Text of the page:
Even with all those data, there is no substitute for looking out the window. The main science office has a nice window view that allows me to see the harbor area right off station (Arthur Harbor to be exact) and some of the islands that we dive around. The ones that I can see from the window are part of the northern-most group that we refer to as the “north islands” (pretty clever name, huh?).

    One part of the north islands is not really an island, but rather a shoal called Killer Whale Rocks. It is a little further out than the bigger (real) islands and so has virtually no protection from waves in any direction. And because it barely sticks up out of the water, I can see the waves crashing on it from any direction. I call it my “surge-o-meter” because “surge” is the name for the motion a diver experiences on the bottom which is caused by waves.

    For the past few days, we’ve had an iceberg stuck in Arthur Harbor that blocks my view of Killer Whale Rocks from the science office. I can still tell a lot about the waves from the things I can see, but it is always nice to have the info from my surge-o-meter.  So even if it is the north islands where we’d like to dive, I need to walk up the hill to the top of the station building area to see it.

    That area at the top of the hill the station sets on also gives me a view of the other group of islands we dive on. We call these the “south islands” (again, very original, right?). I can only see the closest of the south islands from there, but it still tells me a lot, including how much ice there might be that will slow us up should we want to head that way.

    All that information in hand, Jim and I can finalize plans for the day’s dive ops. We need to get that done in time for our daily 8:00 AM meeting.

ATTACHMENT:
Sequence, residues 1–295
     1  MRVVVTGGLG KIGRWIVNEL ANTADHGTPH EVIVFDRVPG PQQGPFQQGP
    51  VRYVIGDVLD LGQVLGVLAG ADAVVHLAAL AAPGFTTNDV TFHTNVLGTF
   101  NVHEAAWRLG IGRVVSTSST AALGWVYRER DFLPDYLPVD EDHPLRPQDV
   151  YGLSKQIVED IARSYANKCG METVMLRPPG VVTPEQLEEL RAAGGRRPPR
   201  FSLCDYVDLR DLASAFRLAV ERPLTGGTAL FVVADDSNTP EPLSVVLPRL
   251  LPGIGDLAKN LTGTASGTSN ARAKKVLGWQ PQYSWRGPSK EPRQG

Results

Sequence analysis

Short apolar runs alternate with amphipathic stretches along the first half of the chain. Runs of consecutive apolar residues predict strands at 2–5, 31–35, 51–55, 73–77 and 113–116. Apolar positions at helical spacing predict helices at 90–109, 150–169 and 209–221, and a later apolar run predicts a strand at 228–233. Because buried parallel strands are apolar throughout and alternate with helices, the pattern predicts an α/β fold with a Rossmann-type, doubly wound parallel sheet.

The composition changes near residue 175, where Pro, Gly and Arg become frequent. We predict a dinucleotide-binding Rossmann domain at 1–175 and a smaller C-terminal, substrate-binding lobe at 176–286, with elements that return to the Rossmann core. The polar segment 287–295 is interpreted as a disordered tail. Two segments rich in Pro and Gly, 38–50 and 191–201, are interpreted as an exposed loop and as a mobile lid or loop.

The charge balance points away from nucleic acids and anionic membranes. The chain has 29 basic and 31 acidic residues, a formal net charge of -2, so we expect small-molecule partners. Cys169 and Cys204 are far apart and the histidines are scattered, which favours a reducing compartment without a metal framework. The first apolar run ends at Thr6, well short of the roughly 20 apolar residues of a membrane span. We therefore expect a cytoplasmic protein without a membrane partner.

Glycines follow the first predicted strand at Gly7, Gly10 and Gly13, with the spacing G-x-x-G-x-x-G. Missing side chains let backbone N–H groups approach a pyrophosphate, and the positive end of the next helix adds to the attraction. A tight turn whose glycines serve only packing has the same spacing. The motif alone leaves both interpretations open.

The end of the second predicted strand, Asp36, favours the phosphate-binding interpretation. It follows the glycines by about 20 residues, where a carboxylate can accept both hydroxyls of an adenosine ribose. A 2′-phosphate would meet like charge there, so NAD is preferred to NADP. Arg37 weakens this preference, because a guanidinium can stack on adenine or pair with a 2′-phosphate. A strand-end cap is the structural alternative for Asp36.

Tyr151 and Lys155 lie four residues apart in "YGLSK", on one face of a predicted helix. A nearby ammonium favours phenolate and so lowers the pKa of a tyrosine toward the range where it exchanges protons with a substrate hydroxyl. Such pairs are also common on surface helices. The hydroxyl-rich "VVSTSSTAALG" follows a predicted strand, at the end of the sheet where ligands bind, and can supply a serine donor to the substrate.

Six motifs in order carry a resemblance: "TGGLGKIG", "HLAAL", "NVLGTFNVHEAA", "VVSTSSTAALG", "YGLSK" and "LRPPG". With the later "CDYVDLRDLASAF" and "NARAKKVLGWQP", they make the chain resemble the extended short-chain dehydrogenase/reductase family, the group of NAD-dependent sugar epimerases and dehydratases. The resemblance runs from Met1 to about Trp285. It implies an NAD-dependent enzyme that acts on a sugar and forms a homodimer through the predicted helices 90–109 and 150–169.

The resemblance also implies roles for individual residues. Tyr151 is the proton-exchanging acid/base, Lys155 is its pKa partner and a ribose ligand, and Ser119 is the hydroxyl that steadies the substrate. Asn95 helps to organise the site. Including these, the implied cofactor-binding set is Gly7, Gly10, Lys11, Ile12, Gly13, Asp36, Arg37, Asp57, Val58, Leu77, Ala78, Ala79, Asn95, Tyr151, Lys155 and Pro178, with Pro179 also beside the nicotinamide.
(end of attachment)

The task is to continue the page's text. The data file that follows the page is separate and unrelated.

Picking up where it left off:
Except for Sunday, when we meet to start the work day at 12:30, each day starts with a group meeting at 8 AM. Because our work, particularly our dive ops, take coordination from most – sometimes all – of the group, everyone has to start the day knowing what the schedule is.

    Breakfast ends at 8:00 so that is a good time to meet. We meet in the galley, and folks are often finishing breakfast as the meeting begins. Most of the group gets there early to chit-chat and work together on the New York Times crossword puzzle. Each morning, multiple copies of that are printed (the station has a subscription) and is a favorite morning activity for lots of folks here.

    The meeting usually starts out with the dive ops: who is diving, who is tending (helping the divers). Does that work for everyone’s research plans for the day? What time works best to start? (Sometime between 9:00 and 9:30 is typical). Then we talk about anything else that all or most of the group need to discuss that day. Then like a football team breaking huddle, we get up and head off in different directions to our “positions” for the day. And the “play” (work day) begins.

 

Comments

  1. Re: A Morning at Palmer
    Posted by Terri Schoenrock on 03/14/10

    Thank you. You make it all sound so ordinary, when what you are all doing is so extraordinary!!!!

    I am very happy to hear that Kate has crossword lovers with her.

  2. Re: A Morning at Palmer
    Posted by Phil Gabbard on 03/14/10

    Great post. I didn't realize there were so many personnel stationed in Antarctica.

    Do you stay throughout the year?

    1. Posted by Chuck on 03/15/10
      Thanks! Most of the group and I will be here until early June. But the station has people working here all year round.